US close: Stocks surge despite continued increase in number of new Covid-19 cases
Wall Street stocks recorded solid gains on Monday as major indices shook off concerns around a continued rise in new Covid-19 cases across the United States.
At the close, the Dow Jones Industrial Average was up 1.78% at 26,287.03, while the S&P 500 was 1.59% firmer at 3,179.72 and the Nasdaq Composite saw out the session 2.21% stronger at 10,433.65.
The Dow closed 459.67 points higher on Monday, extending gains recorded ahead of the Independence Day long weekend on Thursday.
Sentiment was boosted by a strong performance by Asian stocks overnight, with the Shanghai Composite surging 5.71% as the country carried on with its economic reopening despite the World Health Organisation reporting on Saturday that more than 200,000 new coronavirus cases had been reported globally in a 24-hour period - a fresh record.
On a regional level, the biggest spike was seen in the Americas, where nearly 130,000 new cases were confirmed - with Florida and Texas reporting record one-day increases of 11,445 and 8,258, respectively. In the US, 45,000 new cases were recorded on Saturday alone.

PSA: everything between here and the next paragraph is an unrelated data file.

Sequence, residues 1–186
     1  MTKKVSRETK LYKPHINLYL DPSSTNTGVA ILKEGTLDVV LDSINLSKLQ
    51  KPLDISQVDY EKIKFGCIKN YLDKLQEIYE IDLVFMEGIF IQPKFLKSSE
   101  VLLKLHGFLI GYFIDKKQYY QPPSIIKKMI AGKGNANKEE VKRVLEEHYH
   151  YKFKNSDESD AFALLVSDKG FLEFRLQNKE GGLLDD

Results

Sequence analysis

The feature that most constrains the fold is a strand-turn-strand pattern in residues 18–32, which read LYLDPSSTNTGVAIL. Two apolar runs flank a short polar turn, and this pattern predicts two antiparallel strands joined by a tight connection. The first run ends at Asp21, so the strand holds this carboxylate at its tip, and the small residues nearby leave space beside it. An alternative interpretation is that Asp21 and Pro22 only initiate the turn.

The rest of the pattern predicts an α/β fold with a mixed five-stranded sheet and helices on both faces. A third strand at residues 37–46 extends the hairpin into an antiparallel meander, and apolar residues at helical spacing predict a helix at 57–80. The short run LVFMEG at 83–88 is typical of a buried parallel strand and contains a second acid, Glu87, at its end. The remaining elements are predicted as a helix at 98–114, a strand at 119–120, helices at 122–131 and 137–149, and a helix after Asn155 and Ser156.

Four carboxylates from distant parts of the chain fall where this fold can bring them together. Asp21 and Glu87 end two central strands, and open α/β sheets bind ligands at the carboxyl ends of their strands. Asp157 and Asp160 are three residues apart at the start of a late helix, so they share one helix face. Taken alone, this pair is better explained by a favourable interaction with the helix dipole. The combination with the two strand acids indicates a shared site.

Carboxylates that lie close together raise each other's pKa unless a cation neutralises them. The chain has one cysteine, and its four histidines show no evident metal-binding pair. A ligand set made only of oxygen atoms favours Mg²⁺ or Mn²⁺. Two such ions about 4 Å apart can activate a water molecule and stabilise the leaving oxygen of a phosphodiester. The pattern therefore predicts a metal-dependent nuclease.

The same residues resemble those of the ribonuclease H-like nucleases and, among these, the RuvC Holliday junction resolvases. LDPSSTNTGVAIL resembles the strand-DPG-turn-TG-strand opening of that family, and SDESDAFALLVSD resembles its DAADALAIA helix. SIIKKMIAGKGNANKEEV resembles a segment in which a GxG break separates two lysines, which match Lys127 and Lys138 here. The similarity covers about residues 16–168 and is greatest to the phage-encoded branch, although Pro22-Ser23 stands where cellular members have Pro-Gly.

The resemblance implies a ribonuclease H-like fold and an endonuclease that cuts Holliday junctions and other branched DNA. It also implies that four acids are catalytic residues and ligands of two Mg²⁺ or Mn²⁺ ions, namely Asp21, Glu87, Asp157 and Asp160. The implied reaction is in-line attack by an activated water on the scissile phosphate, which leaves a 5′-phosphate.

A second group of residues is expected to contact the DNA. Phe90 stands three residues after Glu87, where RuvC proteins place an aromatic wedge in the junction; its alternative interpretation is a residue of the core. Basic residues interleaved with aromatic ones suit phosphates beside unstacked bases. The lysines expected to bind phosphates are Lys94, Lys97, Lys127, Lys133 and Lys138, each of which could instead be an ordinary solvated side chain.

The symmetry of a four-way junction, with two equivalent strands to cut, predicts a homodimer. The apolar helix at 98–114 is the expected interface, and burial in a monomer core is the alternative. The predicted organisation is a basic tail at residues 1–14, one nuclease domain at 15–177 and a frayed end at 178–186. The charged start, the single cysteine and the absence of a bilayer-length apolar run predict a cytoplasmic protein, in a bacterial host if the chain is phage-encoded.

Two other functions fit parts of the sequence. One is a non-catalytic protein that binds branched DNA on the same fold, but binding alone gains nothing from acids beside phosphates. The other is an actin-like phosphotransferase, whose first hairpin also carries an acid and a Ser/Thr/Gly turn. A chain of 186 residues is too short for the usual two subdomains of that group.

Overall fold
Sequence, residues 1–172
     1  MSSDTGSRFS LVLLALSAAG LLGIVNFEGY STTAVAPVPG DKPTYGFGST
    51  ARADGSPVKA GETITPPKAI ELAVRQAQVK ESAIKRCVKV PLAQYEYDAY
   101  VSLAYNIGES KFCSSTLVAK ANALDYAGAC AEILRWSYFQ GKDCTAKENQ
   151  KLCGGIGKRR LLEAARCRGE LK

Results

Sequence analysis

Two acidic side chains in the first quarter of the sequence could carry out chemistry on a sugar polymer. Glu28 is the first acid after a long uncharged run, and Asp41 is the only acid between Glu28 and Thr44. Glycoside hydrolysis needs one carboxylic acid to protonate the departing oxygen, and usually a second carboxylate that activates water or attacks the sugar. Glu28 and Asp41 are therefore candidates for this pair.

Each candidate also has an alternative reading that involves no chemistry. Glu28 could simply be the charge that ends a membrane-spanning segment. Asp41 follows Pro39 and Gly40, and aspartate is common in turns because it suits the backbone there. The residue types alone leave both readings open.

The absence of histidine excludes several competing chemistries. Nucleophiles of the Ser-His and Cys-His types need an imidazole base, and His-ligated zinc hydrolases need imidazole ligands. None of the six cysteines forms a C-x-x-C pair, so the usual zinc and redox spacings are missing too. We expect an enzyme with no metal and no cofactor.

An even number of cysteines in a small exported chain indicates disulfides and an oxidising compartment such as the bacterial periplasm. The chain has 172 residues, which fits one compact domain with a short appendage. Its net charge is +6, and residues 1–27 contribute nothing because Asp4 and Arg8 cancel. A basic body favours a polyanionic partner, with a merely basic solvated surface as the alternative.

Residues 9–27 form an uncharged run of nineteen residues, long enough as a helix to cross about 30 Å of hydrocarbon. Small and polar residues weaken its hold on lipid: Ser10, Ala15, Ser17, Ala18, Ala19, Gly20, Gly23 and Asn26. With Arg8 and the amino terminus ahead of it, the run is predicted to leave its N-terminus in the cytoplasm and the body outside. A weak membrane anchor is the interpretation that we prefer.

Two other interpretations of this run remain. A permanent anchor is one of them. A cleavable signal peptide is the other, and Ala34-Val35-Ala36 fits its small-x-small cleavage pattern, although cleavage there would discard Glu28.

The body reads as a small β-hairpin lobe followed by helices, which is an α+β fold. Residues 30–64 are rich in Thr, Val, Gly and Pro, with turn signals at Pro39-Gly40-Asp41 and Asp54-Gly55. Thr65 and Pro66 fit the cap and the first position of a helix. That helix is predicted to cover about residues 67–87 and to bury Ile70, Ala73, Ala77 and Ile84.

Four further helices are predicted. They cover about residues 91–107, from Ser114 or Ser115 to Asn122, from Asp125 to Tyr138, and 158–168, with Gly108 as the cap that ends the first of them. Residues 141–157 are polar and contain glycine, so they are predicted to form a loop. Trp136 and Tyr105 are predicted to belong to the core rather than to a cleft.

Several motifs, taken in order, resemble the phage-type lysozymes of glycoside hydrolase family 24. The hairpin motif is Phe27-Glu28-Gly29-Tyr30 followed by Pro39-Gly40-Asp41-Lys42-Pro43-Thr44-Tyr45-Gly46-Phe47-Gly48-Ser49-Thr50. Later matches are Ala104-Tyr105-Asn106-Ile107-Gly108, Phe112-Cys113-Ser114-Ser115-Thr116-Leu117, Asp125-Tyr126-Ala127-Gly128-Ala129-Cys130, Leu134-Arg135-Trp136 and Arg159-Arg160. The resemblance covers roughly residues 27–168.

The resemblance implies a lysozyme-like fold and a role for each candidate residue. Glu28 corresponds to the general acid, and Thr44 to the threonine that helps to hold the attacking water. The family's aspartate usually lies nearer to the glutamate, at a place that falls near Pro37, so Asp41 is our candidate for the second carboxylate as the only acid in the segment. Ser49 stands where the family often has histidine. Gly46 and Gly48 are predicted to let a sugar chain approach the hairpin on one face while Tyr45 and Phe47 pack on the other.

Oanda's Edward Moya said: "Financial markets will continue to overlook the increases with coronavirus cases over 30 states until US fatality numbers surge. Vaccine and treatment hopes are also expected to provide breakthrough updates over the next couple months that could provide better clarity for the second half of 2021.
"The US still does not seem to be in a good position for the second wave in the Fall as contact tracing, social distancing, and avoiding mass gatherings saw many states struggle over the long holiday weekend."
In the corporate space, shares in the likes of Carnival, Royal Caribbean, Norwegian Cruise Line, American Airlines and Delta Air Lines were all higher - as were big tech firms such as Apple, Amazon, Microsoft and Alphabet.
Warren Buffet's Berkshire Hathaway purchased natural gas transmission and storage assets from Dominion Energy for roughly $10bn including debt and Uber shares were up after reportedly reaching an all-stock deal for food delivery service Postmates.
On the macro front, economic activity in the US service sector recorded strong growth, with the Institute for Supply Management's non-manufacturing PMI coming in at 57.1 in June.
While the figure topped Wall Street estimates of 50.1, respondents remained cautious regarding the Covid-19 pandemic and recent protest across the US. However, they appeared to be cautiously optimistic about business conditions and the economy as a whole amid reopening efforts.